It was great to read a book that focuses on a group that has been overlooked by many researchers in the past. Even though the youth are the future and although they make up a vast component of the world’s population today, their voice is yet to be sufficiently recognized. Another great aspect of Brave: Young Women’s Global Revolution, Volume 1 was that Gayle Kimball captured the true voices of women across the world. It was fascinating to read the opinions of these women. Interestingly, most of their statements shared similar sentiments. They believe that it is time: time for the inclusion of women and time for equality. Uniquely designed and expertly presented, Brave: Young Women’s Global Revolution, Volume 1 inspires and champions women forward.

 

A book for first-year students: Your Mindful Guide to Academic Success: Prevent Burnout. Also a $10 ebook.

 

*********************************************

If you’re interested in women’s culture, two older anthologies I edited are

Ed. Women’s Culture (Scarecrow Press)

Ed. Women’s Culture Revisited. (Scarecrow Press)

********************************************

 

Resist! Goals and Tactics for Changemakers, 400 pages, will be available as a $10 ebook later this month.

Introduction

Part 1: Issues and Goals

Chapter 1: Globalization Issues

 

Chapter 2: Democracy vs. Autocracy

 

Chapter 3: Equal Opportunity vs. Poverty

 

Chapter 4: Change Work

 

Chapter 5: The Bottom Line: Environmentalism

 

Chapter 6: Who are the Changemakers?

 

Part 2: Tactics and Theories

Chapter 7: Activist Tactics

Chapter 8: How to Make a Revolution

 

Chapter 9: Theories about Social Movements and Power 

 

Chapter 10: Communication Techniques to Gain Support

 

 

 

Brave: Young Women’s Global Revolution Book Review

22
International Journal for Intersectional Feminist Studies, Volume 4, Issue 1 & 2, September 2018, ISSN
2463-2945
Gayle Kimball. Brave: Young Women’s Global Revolution (in two volumes, Vol. 1: Global Themes & Vol. 2: Regional Activism). [Equality Press], 2017. With introduction, b/w photographs and notes. x, 373 pp & xiv, 643 pp.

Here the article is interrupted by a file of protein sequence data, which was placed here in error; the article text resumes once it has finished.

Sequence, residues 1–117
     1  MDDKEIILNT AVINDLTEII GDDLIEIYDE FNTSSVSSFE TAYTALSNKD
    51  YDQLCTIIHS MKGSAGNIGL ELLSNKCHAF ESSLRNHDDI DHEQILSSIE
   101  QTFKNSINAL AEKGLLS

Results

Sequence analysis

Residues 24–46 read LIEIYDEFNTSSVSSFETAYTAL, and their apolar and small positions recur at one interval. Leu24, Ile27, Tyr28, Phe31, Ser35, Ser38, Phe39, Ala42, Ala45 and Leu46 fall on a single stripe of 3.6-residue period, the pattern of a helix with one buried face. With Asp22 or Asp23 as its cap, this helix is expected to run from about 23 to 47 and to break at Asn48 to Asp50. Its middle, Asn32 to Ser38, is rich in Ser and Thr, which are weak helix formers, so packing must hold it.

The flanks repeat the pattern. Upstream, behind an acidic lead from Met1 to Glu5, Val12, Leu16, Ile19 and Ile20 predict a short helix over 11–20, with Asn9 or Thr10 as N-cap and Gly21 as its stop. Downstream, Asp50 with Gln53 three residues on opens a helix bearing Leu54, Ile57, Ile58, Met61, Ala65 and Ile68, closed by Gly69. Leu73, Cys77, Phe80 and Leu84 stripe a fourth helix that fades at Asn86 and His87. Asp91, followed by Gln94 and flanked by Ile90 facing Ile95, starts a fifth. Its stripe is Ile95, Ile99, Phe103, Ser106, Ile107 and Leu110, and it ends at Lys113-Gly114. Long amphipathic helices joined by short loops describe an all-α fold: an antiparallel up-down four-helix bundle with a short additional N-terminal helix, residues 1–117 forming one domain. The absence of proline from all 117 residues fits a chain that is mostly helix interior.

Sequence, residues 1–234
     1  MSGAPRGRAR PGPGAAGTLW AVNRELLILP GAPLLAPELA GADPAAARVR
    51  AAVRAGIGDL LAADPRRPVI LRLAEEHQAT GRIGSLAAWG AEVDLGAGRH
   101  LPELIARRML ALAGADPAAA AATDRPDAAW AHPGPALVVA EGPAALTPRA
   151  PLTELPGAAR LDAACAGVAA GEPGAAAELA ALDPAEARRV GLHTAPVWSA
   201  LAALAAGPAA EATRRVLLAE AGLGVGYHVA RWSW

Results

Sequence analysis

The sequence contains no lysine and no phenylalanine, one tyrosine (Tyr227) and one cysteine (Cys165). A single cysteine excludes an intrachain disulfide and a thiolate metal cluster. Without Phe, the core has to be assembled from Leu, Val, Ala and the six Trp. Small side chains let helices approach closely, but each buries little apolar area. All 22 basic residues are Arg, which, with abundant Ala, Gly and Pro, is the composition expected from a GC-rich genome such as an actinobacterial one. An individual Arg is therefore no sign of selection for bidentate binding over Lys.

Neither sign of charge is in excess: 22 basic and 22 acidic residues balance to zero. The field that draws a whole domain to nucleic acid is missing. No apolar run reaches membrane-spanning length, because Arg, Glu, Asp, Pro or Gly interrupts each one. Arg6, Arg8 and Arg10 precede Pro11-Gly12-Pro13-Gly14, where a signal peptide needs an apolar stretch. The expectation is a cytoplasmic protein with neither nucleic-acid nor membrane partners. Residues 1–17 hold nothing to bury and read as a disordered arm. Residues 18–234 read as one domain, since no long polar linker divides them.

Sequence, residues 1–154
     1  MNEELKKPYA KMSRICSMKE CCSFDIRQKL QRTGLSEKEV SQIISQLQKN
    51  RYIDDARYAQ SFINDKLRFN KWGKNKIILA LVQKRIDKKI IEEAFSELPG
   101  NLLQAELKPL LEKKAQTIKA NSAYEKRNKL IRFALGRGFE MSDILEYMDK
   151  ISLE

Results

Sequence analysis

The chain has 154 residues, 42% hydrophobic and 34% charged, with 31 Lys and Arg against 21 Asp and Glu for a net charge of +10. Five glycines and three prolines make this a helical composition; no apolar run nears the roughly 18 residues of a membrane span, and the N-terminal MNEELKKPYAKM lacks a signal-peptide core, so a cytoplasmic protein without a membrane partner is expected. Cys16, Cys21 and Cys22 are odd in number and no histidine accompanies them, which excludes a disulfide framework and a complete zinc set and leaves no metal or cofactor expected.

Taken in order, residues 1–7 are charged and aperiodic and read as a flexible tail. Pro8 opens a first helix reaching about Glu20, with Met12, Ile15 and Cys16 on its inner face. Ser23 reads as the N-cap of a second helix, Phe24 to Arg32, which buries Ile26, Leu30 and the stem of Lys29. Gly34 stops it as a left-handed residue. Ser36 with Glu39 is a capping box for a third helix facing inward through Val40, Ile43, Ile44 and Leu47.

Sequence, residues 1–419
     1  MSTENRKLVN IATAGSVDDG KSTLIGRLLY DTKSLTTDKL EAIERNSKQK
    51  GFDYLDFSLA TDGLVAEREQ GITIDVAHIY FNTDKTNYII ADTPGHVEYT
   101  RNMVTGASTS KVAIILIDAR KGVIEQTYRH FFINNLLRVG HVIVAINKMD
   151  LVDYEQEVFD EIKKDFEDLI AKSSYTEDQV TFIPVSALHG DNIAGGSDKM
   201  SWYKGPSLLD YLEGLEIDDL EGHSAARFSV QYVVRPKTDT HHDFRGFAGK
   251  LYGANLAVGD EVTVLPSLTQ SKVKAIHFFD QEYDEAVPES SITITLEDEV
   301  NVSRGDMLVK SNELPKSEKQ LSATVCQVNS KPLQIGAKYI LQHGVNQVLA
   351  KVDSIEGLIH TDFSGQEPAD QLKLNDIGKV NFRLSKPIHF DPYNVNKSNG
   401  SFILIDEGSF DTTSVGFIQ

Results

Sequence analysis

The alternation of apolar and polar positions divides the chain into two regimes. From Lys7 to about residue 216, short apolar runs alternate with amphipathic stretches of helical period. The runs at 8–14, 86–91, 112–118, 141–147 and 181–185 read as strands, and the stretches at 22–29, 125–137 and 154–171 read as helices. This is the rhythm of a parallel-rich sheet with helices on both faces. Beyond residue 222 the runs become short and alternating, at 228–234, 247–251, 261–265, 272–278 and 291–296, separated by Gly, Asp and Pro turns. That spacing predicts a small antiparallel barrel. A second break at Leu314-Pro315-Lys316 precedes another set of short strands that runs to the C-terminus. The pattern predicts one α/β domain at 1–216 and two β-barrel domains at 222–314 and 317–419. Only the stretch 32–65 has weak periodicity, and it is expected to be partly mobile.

Morgan Brynnan
Finally, we hear the authentic voices of girls and young women from around the globe, from the traditional to the radical. Encompassing interviews and fieldwork from 88 countries, sociologist Gayle Kimball brings together over a decade of original research on female youth. Such research is sorely lacking, as most other works of this kind are regional and/or discuss youth without including their voices. Kimball goes beyond standardized internet surveys of middle-class youth, with in-depth video interviews available on the companion blog, https://globalyouthbook.wordpress.com, of young women from the favelas of Brazil to the upper-class in Saudi Arabia. Some of the interviews and contacts went on for over a decade as the young women moved into adulthood, and Kimball traveled for much of the research.
A monumental piece of research and analysis from Feminist Standpoint Theory, Kimball includes and compares other notable surveys of youth and women’s issues in the two volumes. Don’t expect to hear only feminist voices—traditional young women speak clearly in these pages as well. A good history of feminism and what it means today to young women is part of the essential reading in Brave. Both volumes discuss the impact of neo-liberal policies, war, non-violent resistance, and upheavals.
Consumerism and media are addressed in depth, as well as organizing in the Internet Age. Discussion questions are included following each chapter and the endnotes are a rich source of further information.
While there is heavy coverage of the Arab Spring uprisings, the two works go far beyond the Middle East to report on women making change in other countries (Volume 2, Regional Activism, covers The West, Latin America, Africa, MENA, Russia, China, and India).
This work includes many references to important figures in various movements, related source materials, and films. It could be improved with the addition of an index, bibliography, and filmography for easier access and further research. A link to the core survey questions and most frequent answers is included.
23
International Journal for Intersectional Feminist Studies, Volume 4, Issue 1 & 2, September 2018, ISSN
2463-2945
Great reading for anyone interested in what girls and young women really think politically. Especially useful for courses in Women’s Studies, Youth Studies, Girl Studies, Political Science, and Global Studies, this is a record of the otherwise unnamed young women who have changed our century.